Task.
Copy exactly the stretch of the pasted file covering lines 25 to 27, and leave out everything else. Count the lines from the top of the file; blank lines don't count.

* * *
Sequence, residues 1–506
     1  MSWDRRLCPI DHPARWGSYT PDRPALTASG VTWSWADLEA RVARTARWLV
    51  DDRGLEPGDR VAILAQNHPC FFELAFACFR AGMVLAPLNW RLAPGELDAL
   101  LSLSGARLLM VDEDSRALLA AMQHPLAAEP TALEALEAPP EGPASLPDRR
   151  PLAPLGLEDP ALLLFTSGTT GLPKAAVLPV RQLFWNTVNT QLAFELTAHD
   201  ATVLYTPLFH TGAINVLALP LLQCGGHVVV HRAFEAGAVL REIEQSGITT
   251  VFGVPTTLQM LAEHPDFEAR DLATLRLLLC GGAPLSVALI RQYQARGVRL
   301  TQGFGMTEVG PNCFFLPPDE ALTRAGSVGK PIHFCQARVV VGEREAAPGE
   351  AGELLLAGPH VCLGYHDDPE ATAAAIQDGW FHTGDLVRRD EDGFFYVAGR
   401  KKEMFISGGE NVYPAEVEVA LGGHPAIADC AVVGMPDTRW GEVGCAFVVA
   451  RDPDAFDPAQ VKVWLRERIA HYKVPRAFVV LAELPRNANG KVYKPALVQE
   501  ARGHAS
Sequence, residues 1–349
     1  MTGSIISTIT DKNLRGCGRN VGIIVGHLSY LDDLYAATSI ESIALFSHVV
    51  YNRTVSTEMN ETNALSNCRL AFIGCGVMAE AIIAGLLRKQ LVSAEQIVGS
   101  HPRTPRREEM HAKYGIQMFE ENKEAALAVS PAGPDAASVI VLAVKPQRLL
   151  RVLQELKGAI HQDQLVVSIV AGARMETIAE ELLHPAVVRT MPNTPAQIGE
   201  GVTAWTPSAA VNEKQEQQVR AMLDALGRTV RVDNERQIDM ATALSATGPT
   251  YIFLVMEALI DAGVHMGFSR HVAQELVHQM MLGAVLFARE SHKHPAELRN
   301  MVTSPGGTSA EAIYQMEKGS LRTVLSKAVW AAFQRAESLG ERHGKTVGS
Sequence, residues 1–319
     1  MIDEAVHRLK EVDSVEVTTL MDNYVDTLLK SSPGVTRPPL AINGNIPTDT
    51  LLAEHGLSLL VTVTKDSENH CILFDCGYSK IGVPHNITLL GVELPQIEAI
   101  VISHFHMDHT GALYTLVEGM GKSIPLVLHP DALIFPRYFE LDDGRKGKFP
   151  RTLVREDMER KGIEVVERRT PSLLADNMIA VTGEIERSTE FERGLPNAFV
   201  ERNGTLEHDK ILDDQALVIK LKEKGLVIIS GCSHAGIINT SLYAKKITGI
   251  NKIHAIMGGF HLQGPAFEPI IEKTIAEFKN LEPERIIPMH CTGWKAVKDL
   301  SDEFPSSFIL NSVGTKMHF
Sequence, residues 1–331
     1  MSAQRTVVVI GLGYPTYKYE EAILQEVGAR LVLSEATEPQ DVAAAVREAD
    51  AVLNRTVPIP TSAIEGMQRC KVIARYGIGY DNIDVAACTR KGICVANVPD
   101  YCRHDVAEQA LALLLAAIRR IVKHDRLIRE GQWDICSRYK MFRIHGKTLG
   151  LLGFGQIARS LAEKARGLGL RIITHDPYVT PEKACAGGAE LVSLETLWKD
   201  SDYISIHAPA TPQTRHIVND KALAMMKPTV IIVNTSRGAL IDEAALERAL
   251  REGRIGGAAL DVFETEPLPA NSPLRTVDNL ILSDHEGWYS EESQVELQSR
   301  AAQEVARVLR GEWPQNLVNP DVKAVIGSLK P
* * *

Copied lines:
   151  RTLVREDMER KGIEVVERRT PSLLADNMIA VTGEIERSTE FERGLPNAFV
   201  ERNGTLEHDK ILDDQALVIK LKEKGLVIIS GCSHAGIINT SLYAKKITGI
   251  NKIHAIMGGF HLQGPAFEPI IEKTIAEFKN LEPERIIPMH CTGWKAVKDL